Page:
The knight cocked his head when she began speaking, “I recognize that accent. Tell me, do you by chance know Sir Wilbur?”
“Yes. He is the lord over Pode.”
“Ah, Pode.” The knight was quiet for a moment before gesturing to a stool by the fire. It hadn’t been there before, but Faute wasn’t observant enough to have noticed that. “I believe the king is meeting with a delegation from Pode. Even Sir Wilbur’s granddaughter is part of it. Were you not important enough to be included in the delegation?”
Faute sat on the offered stool, “Of course I am important! They sent me in to see what could be seen. Talk to the people that sort of thing. All very important.” She waved her hand dismissively. Her lie struggled to sound convincing to even to her.
The knight smiled. “That was wise of them, seeing how useful and intelligent you are.” He looked away for a moment, touching his ear, “My sources tell me that the king is requesting your friends kill the orc chieftain. I happen to know something he won’t bother to tell your friends. Would you like to know what that information is?”
Faute nodded slowly. I’m not certain what he would know that is useful since he couldn’t see through my lie… maybe it wasn’t as bad as I thought it was?
“The orc chieftain has trolls working for him. At least two. I know this because they stole my horse, Paint. If you are able to find and return him in good health I will reward you handsomely.”
“How will I know him?”
The knight chuckled, “This inn is named for him. Believe me, if you find him. You’ll know he is the one.”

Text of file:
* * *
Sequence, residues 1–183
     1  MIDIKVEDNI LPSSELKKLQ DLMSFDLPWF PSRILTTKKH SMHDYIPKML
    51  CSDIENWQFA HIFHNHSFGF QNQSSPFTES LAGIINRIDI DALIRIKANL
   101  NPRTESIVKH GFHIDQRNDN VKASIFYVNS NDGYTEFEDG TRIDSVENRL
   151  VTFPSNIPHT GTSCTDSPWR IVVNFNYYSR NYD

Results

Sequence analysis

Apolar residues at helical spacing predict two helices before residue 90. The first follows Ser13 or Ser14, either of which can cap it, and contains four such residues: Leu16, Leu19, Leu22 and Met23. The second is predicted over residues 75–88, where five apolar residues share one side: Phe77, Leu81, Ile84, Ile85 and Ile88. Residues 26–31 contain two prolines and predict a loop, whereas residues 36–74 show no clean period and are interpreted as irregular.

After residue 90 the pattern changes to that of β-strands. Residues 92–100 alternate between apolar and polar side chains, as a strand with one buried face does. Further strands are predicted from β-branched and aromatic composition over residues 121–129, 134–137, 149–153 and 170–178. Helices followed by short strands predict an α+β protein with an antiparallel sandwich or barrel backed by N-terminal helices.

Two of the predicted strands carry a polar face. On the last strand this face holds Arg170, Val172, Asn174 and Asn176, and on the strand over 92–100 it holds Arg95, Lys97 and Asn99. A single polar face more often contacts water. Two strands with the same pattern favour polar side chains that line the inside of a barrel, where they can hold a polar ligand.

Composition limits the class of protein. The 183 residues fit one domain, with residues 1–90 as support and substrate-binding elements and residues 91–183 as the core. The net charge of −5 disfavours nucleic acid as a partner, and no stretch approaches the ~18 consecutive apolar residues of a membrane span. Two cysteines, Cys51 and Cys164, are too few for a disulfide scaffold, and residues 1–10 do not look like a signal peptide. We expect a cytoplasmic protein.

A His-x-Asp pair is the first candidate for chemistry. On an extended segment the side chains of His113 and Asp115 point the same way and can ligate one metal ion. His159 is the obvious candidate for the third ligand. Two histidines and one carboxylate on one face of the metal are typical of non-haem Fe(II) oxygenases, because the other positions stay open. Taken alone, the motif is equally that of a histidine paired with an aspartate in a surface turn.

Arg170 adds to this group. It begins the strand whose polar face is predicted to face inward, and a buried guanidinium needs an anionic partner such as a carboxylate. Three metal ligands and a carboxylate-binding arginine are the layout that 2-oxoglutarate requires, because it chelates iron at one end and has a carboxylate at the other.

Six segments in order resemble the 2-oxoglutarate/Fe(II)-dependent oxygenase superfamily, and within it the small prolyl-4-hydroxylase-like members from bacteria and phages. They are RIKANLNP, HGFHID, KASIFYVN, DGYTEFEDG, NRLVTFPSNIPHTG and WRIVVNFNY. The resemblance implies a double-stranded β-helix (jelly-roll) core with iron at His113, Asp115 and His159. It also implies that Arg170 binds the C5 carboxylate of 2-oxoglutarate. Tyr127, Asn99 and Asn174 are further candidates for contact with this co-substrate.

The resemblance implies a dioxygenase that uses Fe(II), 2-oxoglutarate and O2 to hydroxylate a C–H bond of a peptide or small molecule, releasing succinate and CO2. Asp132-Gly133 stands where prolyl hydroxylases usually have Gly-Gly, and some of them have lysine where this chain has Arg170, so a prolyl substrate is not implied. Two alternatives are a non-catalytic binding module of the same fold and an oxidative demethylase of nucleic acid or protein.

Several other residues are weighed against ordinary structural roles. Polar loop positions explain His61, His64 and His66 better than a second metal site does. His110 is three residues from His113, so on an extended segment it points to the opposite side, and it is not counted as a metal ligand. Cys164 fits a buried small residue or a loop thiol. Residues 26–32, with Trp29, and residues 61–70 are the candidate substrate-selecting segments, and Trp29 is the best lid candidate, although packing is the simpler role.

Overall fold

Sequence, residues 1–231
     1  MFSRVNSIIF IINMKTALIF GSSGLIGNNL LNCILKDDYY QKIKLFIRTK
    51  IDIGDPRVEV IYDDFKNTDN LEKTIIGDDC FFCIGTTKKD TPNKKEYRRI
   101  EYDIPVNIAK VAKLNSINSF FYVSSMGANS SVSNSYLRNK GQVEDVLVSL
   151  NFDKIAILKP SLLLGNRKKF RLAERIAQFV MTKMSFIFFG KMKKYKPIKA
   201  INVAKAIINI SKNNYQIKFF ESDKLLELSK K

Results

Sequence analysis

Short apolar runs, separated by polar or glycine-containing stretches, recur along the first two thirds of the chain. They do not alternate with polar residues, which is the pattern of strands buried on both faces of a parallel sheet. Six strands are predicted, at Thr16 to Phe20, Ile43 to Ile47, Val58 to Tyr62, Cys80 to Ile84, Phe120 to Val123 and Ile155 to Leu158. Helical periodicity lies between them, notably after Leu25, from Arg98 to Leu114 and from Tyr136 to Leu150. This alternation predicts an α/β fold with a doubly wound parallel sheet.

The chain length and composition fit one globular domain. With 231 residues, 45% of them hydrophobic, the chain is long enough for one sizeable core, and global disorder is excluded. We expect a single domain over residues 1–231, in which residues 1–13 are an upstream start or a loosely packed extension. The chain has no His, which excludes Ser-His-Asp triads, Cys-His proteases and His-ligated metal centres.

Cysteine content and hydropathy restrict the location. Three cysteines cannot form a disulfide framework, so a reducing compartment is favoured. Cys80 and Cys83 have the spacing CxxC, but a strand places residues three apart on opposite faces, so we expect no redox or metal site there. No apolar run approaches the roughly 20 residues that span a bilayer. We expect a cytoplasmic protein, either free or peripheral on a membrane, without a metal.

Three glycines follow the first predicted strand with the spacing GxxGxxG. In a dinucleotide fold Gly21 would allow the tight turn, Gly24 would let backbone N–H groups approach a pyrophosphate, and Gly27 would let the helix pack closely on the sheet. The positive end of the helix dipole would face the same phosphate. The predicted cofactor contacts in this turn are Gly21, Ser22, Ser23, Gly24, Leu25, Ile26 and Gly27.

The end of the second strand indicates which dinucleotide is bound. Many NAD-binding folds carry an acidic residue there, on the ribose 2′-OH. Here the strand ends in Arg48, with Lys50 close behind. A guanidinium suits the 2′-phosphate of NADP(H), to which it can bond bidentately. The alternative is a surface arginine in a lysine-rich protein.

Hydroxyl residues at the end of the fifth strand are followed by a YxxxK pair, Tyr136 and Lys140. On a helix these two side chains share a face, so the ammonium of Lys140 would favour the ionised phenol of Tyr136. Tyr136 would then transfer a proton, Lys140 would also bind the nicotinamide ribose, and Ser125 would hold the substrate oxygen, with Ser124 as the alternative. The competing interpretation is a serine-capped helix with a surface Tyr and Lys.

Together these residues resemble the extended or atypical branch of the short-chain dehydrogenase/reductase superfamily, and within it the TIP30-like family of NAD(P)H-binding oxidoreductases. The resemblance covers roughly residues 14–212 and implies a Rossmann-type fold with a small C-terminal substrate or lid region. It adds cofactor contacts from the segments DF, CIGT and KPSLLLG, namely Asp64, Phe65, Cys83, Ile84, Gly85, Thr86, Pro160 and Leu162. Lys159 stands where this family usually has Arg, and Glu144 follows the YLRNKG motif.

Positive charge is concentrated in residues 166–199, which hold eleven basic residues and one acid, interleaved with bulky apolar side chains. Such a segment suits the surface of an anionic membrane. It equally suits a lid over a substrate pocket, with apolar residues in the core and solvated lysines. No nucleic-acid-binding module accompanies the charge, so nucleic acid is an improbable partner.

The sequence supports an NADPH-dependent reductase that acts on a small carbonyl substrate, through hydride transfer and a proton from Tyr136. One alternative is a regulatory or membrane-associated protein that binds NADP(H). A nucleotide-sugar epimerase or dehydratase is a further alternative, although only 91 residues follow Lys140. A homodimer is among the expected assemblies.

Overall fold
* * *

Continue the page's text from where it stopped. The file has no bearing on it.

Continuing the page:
I hate riddles. She considered the name of the inn for a moment, This horse Paint can’t possibly talk! That’s impossible. I suppose I’ll have to figure it out later. “Of course.”
The knight slipped a ring off his finger. He held it up to his lips, breathing on it gently before shining it for a moment on his sleeve. It wasn’t his signet ring, just a simple gold band with a green stone in it. “Please take this ring as my thanks for looking for Paint. Even if you aren’t able to find him, or save him, you may keep it. Should you run into the trolls it will help you.”
“Thank you, but what is it for?”
“Three times a day it can shoot a ball of acid. I wish I had it when the trolls took Paint.” He sighed, “But you need it more than I do.”
“Thank you.” She said slipping the ring on her finger.
He snapped his fingers and four guards came toward them from the crowd. “Now, it appears to me, unless my eyes deceive me that you have elf ears. Something that usually only occurs when there is also elf blood.”
Faute tried to toss back her hair so she could show off her ears, but her hair was so matted she just looked foolish. “Of course!”
“Capita tends to frown on elf blood, really any non-human blood. As I believe you may know by now. I’ll have my guards escort you out of the city so you aren’t hurt.”
“I’m not really-”
“No, my dear, I insist. I don’t want you to be harmed after we made are bargain.” Nor do I want your foul elf stink stinking up my air any longer. His false smile couldn’t be kept up any longer. Disdain closed his face once more. Not long after Faute and the guards had left, some peasant new to the area stepped on the carpet looking to warm himself by the fire.
Sir Reginald snapped his fingers and two guards emerged from the crowd, took the peasant outside and beat him. No one stepped on Sir Reginald’s rug without his permission. The elf would serve her purpose and then she too would be punished for her insolence.